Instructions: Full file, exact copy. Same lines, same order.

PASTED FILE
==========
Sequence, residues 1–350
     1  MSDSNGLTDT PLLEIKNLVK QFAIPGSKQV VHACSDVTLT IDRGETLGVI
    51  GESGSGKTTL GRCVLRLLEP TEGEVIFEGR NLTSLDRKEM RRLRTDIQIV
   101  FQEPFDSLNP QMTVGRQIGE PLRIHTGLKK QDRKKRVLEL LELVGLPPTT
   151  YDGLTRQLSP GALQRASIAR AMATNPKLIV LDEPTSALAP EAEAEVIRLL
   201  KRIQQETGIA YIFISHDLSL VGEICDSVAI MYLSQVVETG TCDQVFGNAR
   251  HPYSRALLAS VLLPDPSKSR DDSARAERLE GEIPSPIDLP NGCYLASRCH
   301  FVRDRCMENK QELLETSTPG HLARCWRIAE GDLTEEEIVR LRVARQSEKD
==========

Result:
Sequence, residues 1–350
     1  MSDSNGLTDT PLLEIKNLVK QFAIPGSKQV VHACSDVTLT IDRGETLGVI
    51  GESGSGKTTL GRCVLRLLEP TEGEVIFEGR NLTSLDRKEM RRLRTDIQIV
   101  FQEPFDSLNP QMTVGRQIGE PLRIHTGLKK QDRKKRVLEL LELVGLPPTT
   151  YDGLTRQLSP GALQRASIAR AMATNPKLIV LDEPTSALAP EAEAEVIRLL
   201  KRIQQETGIA YIFISHDLSL VGEICDSVAI MYLSQVVETG TCDQVFGNAR
   251  HPYSRALLAS VLLPDPSKSR DDSARAERLE GEIPSPIDLP NGCYLASRCH
   301  FVRDRCMENK QELLETSTPG HLARCWRIAE GDLTEEEIVR LRVARQSEKD